On the heels of the Novo-Catalent news, here we go again? More erasure of outsourcing capacity and optionality?

But even worse, this time the loss of capacity would be government induced – not a part of more organic industry adjustments.

Already, writes this reader, there are “a limited number of reliable CDMOs that offer that range of capability beyond WuXi and Catalent, and it is a real strain for small companies to manage multiple CDMOs.”

So WuXi was, and perhaps still is, a threat to U.S.-based CDMOs, while the loss of access to WuXi would be a loss to U.S.-based customers.

Furthermore, perhaps no foreign-owned CDMO has established more sites and services in the U.S. than WuXi. The assumption, then, is pricing differences with other CDMOs here should narrow (or disappear in time).

Where Do We Stand?

To be clear, no legislation has been passed yet.

In the meantime (and in my opinion), WuXi has handled this challenge with public-relations aplomp.

I’m not here to promote one side or the other in geopolitical terms, but allow me to quote directly from the WuXi response of February 3:

“While the U.S. government has determined that certain companies do pose such a risk to the United States and has imposed sanctions against them, WuXi AppTec has never been subject to any such determination or sanction. We welcome regulatory oversight of our industry, including the proposed evaluation of biotech companies in the recent legislation. But we strongly object to blanket allegations and preemptive actions against our company without due process.”

“WuXi AppTec has a strong track record of upholding the highest intellectual property, data and privacy protection standards, as well as maintaining the trust of our customers …

“As deliberations on this legislation continue, we are actively correcting the unfounded and misleading claims about our company. We are confident that upon considering the facts, U.S. lawmakers will understand that WuXi AppTec does not in any way pose a national security risk to any country. Instead, we serve as a valued contributor to the pharmaceutical and life sciences industries.”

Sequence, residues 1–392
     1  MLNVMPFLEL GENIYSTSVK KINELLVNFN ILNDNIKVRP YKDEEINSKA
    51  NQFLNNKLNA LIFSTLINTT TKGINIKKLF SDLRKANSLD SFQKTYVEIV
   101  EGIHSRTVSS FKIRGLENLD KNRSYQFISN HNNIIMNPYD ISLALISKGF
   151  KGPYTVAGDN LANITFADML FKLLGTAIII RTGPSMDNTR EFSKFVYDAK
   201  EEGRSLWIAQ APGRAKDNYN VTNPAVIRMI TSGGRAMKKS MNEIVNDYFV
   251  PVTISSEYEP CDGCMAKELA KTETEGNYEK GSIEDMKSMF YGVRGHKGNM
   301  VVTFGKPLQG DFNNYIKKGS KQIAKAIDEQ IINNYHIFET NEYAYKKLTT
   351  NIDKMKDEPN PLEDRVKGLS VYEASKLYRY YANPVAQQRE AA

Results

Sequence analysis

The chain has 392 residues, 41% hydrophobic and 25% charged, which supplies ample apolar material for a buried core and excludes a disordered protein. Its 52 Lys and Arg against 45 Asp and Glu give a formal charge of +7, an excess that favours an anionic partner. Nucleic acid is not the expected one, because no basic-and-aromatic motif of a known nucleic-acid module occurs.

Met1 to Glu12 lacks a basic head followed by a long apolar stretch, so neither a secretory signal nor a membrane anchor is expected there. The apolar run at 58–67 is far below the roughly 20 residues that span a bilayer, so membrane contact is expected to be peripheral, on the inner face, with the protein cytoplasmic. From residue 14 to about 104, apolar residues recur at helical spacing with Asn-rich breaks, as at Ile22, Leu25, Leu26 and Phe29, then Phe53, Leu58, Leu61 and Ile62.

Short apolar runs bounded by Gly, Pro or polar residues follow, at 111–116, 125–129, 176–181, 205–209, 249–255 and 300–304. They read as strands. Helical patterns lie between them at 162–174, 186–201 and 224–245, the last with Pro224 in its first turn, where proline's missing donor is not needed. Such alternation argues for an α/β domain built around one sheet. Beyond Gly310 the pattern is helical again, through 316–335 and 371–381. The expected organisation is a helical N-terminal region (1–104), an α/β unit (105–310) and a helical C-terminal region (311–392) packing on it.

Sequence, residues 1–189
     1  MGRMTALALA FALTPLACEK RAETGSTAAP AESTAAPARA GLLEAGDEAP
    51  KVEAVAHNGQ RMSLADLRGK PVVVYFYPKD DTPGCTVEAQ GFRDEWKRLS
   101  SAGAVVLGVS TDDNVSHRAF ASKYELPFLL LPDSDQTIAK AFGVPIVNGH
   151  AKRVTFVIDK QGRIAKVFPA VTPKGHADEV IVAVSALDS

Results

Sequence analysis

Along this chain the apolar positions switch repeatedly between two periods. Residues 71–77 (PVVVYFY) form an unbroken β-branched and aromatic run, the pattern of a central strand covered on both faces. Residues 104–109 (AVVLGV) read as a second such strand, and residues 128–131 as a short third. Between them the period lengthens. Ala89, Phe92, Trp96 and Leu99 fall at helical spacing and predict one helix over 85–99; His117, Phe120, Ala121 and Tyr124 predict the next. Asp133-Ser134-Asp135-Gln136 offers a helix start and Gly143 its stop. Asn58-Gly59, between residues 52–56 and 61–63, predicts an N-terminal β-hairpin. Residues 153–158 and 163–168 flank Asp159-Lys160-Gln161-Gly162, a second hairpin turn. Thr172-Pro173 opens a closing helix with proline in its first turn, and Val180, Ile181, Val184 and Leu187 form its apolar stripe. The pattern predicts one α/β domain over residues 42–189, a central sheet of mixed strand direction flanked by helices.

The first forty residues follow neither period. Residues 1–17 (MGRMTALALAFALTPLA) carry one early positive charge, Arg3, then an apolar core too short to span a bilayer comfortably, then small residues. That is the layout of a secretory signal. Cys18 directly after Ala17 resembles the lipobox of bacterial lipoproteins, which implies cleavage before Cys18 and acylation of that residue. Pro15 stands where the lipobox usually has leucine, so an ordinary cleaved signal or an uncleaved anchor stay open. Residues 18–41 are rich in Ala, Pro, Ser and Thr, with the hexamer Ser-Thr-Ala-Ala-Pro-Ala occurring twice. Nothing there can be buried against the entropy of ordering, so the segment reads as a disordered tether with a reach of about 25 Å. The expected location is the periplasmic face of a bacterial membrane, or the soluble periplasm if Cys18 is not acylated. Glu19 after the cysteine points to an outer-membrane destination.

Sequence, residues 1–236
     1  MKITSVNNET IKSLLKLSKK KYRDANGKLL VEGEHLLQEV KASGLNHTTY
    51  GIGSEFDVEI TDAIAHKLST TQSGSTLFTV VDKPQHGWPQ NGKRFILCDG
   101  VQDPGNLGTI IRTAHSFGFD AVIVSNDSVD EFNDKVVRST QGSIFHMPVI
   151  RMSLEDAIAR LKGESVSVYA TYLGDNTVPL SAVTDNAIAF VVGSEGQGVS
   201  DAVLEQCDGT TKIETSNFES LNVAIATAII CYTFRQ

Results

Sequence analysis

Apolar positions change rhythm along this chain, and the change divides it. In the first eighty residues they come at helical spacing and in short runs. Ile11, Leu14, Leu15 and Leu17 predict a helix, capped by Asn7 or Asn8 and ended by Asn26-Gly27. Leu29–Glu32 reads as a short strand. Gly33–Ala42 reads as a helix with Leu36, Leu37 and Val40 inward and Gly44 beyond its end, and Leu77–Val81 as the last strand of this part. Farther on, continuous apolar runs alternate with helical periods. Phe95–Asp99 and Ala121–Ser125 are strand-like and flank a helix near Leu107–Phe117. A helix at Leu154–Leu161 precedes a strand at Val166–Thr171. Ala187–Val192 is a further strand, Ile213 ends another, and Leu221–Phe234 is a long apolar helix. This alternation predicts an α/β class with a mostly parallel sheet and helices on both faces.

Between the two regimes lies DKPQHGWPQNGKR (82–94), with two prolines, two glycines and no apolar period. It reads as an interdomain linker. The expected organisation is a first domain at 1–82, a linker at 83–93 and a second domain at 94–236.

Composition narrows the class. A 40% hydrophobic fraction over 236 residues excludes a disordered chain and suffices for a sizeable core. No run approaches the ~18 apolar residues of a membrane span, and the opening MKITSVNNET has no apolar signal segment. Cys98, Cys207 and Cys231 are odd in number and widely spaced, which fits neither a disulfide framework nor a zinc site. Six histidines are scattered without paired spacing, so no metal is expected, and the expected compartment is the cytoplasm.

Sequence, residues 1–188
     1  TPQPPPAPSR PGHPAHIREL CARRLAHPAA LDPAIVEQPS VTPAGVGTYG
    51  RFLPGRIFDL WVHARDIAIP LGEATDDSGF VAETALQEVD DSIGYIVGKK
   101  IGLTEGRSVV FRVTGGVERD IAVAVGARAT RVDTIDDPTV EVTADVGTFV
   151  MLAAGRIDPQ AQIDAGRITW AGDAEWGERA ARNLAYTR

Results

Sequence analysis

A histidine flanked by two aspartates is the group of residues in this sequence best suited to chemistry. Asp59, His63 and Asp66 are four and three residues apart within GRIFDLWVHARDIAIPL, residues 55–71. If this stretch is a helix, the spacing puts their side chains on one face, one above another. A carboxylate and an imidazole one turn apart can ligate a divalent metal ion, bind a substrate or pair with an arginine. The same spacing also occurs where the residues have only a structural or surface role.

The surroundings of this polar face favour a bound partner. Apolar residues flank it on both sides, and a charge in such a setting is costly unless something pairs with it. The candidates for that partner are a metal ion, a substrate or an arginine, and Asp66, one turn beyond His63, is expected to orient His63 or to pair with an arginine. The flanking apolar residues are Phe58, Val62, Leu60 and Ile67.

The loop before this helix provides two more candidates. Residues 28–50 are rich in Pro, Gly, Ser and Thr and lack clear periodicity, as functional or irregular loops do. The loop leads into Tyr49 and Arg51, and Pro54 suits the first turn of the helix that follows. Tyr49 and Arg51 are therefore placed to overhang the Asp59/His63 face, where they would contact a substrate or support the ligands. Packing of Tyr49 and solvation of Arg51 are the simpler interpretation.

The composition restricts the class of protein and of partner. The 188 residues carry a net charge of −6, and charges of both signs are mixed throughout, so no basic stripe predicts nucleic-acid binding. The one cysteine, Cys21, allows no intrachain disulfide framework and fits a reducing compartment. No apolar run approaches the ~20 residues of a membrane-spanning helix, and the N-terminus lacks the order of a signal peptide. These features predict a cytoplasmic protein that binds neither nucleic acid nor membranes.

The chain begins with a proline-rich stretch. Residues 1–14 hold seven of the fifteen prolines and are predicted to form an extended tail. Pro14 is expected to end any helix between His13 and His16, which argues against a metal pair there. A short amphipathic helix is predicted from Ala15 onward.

Yes, let’s have claims in this legistlation fully laid out for us – particulalry the purported direct association with China’s People’s Liberation Army.

For now, how should we approach this turn of events?

  • Is WuXi, so to speak, one of us?

That is, a valued part of the global drug and therapy outsourcing industry? A partner to numerous U.S.-based biopharma organizations? A component of our ecosystem?

  • Is the organization a continuing threat to other CDMOs without, as has been documented, China-government financial support?
  • Do we believe WuXi is a combatant in a global war for control (or theft) of data, privacy, and purveyor of unfair market and trade policies?

This is a tough situation, especially as I started out, for those of us who very much see the current China Communist Party as an undesirable part of the world.

All of us, though, should go well beyond the reticent feeling that this is about a bunch of U.S. politicians pretending to do something about China in an election year.

So the final question:

  • How indeed, should the biopharma industry respond?


More from Chief Editor Louis Garguilo:

BIO Expels WuXi, Agrees With U.S. Government
From Ally To Adversary: BIO's Swift Rebuke Of WuXi
You Want To Rein In China? Then Actually Do It
Nothing To See Here! Just Big Pharma Investments In China
Exclusive Interview: WuXi AppTec Responds To BIOSECURE Act
Assassination By Implication? Interview With WuXi AppTec (Part 2)